As the Horror Master brought the music from his most famous films to Liverpool, Getintothis’ Adam Lowerson was in for a lesson in film.
It’s kind of a strange situation to be in, to be reviewing a gig by John Carpenter without having seen any of his films. Sure, the names of his films ring a bell, but this writer, more of a casual movie goer, has somehow gotten through life without seeing any of them. And while most in attendance were there to relive some of their favourite films, the 68 year old on stage could have been any old man, and this was just any old gig.
Yet, despite the lack of Carpenter knowledge and his work making up for a huge gap in this writer’s brain, the night was an absolute joy.
Performing in front of a backdrop of clips and famous scenes from Carpenter‘s most iconic films, the whole night had a feeling of tension, eeriness and mystery surrounding it.
Kicking off with the duo of Escape from New York and Assault on Precinct 13, Carpenter quickly illustrated just how iconic his soundtracks have become. Even for a Carpenter virgin like ourselves, the menacing soundscapes were instantly recognisable. You don’t have to be a huge fan to realise just how influential and ingrained in our popular culture Carpenter‘s compositions have become.
The Fog is a key example of this. With scenes from the 1980 movie being projected, like all of the films represented tonight, against the backdrop behind Carpenter and his five-piece band, the eerie motif from the film brings a chill to the air in the Olympia. The film itself might not be a stone cold classic, but this piece of music itself is truly iconic. It’s haunting and brings the auditorium full of fans to stunned silence.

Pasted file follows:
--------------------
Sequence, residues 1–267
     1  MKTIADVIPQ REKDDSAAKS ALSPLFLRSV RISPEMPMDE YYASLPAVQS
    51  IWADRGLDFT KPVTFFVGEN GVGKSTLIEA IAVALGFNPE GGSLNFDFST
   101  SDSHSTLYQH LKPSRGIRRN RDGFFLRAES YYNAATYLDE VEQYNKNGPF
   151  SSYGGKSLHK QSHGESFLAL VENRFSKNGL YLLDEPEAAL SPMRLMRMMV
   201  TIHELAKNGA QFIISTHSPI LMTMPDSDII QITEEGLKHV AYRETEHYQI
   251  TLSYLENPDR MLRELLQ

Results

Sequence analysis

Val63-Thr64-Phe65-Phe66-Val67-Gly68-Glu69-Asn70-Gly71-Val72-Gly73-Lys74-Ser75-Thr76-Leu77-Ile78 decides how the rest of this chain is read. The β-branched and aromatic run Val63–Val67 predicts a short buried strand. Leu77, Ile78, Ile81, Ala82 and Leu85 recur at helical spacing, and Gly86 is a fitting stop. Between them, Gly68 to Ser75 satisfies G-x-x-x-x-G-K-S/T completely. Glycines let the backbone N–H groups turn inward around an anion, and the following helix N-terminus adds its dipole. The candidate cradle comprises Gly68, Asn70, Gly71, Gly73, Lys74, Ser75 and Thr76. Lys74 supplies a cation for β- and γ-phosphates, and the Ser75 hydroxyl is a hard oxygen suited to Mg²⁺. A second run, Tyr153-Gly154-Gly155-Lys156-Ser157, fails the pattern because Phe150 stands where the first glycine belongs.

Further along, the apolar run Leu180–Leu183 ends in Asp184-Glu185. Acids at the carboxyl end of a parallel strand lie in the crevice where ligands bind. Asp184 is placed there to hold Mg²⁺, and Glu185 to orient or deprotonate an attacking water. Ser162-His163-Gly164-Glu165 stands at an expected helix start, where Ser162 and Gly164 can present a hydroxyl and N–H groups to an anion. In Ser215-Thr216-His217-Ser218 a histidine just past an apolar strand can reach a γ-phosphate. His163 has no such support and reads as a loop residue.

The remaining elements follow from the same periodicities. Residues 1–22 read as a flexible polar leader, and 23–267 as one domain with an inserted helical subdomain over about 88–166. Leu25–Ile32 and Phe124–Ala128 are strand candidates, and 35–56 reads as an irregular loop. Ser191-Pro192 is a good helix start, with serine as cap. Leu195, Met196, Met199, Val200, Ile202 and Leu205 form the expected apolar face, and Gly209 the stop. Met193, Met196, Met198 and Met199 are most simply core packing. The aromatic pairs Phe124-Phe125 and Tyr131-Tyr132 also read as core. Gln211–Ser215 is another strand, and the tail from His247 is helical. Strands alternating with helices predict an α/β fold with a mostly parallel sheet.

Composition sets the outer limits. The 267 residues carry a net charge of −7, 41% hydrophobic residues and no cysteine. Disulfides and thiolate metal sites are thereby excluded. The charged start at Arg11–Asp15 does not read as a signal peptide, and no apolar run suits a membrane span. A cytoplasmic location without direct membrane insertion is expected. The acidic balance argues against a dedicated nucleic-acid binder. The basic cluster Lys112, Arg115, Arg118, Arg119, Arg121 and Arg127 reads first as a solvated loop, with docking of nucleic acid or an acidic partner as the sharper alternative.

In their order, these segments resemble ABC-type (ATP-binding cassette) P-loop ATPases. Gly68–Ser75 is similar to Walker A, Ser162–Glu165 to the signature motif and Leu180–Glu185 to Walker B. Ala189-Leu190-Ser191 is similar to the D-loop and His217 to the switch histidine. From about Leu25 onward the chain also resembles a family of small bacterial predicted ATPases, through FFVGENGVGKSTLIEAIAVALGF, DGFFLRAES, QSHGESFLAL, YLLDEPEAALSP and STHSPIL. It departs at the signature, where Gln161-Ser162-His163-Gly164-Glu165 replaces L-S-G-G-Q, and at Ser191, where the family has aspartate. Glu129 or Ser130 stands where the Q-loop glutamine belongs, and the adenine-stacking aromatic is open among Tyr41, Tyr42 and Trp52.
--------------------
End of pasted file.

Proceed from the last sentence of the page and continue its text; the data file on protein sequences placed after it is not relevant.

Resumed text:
The whole night has a haunting feel, and the soundtracks from films such as They Live, as well as tracks from Carpenter‘s original records, released more recently via Sacred Bones, Lost Themes 1 and 2 reinforce his nickname as the Horror Master. The imagery is genuinely chilling, while the music is hypnotic. It’s hard not to get caught up in it all.
Big Trouble in Little China brought some much needed fun to proceedings, with the 1986 comedy action bringing the tone down a notch, with it’s funk-pop feel and kung-fu scenes acting as a backdrop. As someone not familiar with Carpenter’s films in attendance tonight, the inclusion of this acted as some much needed relief. It felt familiar, fun, and was a nice change of pace.
With music from two of Carpenter‘s most iconic films, Halloween and Christine, bringing the night to a close, it illustrated the director’s talent for creating a completely chilling atmosphere with only a few notes. Tonight’s show was completely packed with riffs, played by Carpenter on piano and synth. There was nothing majorly complex about the music on show, just a number of hugely effective motifs that stick instantly in the mind and create a dramatic tension.
To pull off a booking like John Carpenter felt like a huge coup for Liverpool Music Week. The line up is always solid, bringing sounds from across the world to the city, but tonight felt like a real moment. Carpenter is a real icon and visionary of his field. Maybe he isn’t exactly mainstream, but the guy’s a big deal.
Matched with the 100-year-old theatrical setting of the Liverpool Olympia, tonight felt like the full package. A night of music and horror in a building that has been used on Most Haunted. What more could you ask for in a venue?
John Carpenter playing Halloween live at the Liverpool Olympia for Liverpool Music Week.
Posted by Getintothis on Saturday, 29 October 2016
Pictures by Getintothis’ Martin Waters and Vicky Pea